The city of Charlotte plans to start construction by the end of the year on nearly 13 miles of a 26-mile greenway that will stretch from Cabarrus County to Pineville.
The greenway, known as the Cross Charlotte Trail, will build new stretches of greenway and tie them with 7.6 miles of trails that have already been built.
When finished, someone could walk, jog or bike from one end of the city to another.
The City Council was briefed Monday on several aspects of its $816 million capital spending program, which it approved in 2013. The program will build roads, bridges, sidewalks, affordable housing and other projects throughout the city.
Most of the money will be spent in low-income areas in an effort to spark economic development. However, the trail will straddle both rich and poor areas.
The city’s first section of trail could be approved later this month by council members. That piece, known as the Cordelia Park segment, would start where the existing Little Sugar Creek Greenway ends at Parkwood Avenue. It would extend the greenway through Belmont.
A larger extension, which would run to UNC Charlotte, could begin if voters approve bonds next year.
There are already three sections of the trail that have been built. The county also will build another 5.5 miles.
The city hopes to the trail will create new development, especially north of uptown.
“We’re getting a lot of development interest,” said Dan Gallagher of the Charlotte Department of Transportation.
One of the biggest projects in the capital program is a $78 million new Joint Communications Center on Statesville Road that will house 911 dispatch, the 311 call center, the Charlotte Department of Transportation’s traffic management center and a city emergency operations center.
The city said it hopes to have construction plans nearly complete by September.
Mayor Dan Clodfelter questioned the wisdom of the city placing so many important communications components in one building. He said he hopes the city has planned how to protect the building.
“What an inviting target,” he said.
City Manager Ron Carlee said the city will take adequate precautions to ensure the building is safe. He said building the communications center far back from the road in an “office park” type of setting would have been inappropriate, he said.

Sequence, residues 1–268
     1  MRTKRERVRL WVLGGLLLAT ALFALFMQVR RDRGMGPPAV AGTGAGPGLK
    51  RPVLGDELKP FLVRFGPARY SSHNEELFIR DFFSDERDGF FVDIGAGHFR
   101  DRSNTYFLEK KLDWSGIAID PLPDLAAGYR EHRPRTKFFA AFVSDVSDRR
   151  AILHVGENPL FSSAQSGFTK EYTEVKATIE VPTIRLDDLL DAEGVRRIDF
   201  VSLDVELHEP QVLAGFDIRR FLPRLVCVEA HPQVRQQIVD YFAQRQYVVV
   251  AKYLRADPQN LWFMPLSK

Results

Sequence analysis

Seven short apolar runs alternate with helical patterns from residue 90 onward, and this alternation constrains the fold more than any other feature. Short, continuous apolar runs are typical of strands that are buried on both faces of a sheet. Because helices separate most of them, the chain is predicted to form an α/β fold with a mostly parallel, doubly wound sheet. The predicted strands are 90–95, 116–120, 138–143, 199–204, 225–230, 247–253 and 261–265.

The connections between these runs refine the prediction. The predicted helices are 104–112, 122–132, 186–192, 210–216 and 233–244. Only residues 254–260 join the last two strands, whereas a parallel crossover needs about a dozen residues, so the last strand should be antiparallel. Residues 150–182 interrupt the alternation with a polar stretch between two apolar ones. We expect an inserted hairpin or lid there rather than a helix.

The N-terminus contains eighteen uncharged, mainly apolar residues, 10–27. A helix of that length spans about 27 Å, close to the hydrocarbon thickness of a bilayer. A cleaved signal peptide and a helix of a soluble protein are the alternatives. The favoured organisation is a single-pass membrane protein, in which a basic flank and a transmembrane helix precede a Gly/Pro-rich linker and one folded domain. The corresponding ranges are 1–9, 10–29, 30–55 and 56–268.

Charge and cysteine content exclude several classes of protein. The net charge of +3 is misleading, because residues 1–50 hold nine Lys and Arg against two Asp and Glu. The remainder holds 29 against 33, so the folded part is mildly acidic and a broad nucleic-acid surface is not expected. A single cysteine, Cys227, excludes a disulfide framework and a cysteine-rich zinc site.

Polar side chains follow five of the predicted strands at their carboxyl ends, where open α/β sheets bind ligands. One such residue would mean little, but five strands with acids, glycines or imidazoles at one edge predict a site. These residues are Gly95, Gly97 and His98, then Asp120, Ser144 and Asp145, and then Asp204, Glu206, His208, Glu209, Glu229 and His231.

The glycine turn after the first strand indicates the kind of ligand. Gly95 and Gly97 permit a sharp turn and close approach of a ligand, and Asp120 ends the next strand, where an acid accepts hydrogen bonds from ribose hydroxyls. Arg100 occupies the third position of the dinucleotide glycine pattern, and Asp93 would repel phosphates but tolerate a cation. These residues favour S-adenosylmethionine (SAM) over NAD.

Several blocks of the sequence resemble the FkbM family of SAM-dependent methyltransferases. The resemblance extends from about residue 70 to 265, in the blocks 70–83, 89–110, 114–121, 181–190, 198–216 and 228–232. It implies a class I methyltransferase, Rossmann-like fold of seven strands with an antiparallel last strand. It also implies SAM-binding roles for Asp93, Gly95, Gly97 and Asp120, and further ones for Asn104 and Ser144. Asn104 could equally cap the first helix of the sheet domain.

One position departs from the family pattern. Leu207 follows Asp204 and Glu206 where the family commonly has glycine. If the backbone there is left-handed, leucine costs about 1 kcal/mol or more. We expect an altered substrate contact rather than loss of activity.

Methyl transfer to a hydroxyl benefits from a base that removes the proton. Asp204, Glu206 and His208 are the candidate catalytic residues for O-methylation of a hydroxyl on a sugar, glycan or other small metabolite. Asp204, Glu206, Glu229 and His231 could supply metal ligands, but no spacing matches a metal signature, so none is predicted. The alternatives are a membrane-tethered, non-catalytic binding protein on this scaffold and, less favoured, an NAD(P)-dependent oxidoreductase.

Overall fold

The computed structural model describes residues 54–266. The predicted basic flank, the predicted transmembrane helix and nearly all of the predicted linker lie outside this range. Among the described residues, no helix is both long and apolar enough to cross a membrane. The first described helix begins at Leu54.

Mayor Pro Tem Michael Barnes also questioned why the price of the building had increased since it was first discussed earlier this decade. Barnes said the original price was $60 million. City staff said they would have to research the possible increase in the center’s cost.
The city also outlined improvements for five neighborhoods:
▪ In the Whitehall/Ayrsley area, the city plans to widen Brown-Grier Road and Sandy Porter Road. It also plans to build a multi-use path along Westinghouse Boulevard to accommodate bikes and pedestrians.
▪ In the areas along Central Avenue and Albemarle Road, the city’s goal is to improve the prospects for new retail to open. Some improvements include a streetscape on Eastway Drive and a new sidewalk on Kilborne Drive.
▪ Prosperity Village, located along the new section of Interstate 485, is one of the fastest-growing areas of the city. The city will widen Ridge Road and extend it to the west toward Eastfield Road.
▪ In the Sunset Road/Beatties Ford Road areas north of Interstate 85, the city plans to improve pedestrian crossings on Beatties Road Road, improve the intersection of Oakdale and Sunset roads and make “multi-modal” improvements to Cindy Lane.
▪ The city wants to connect uptown with the neighborhoods on West Trade Street and Rozelles Ferry Road. Projects include improving the look of the I-77 underpass on West Trade Street to encourage more pedestrians; and building sidewalks on State Street and Turner Avenue.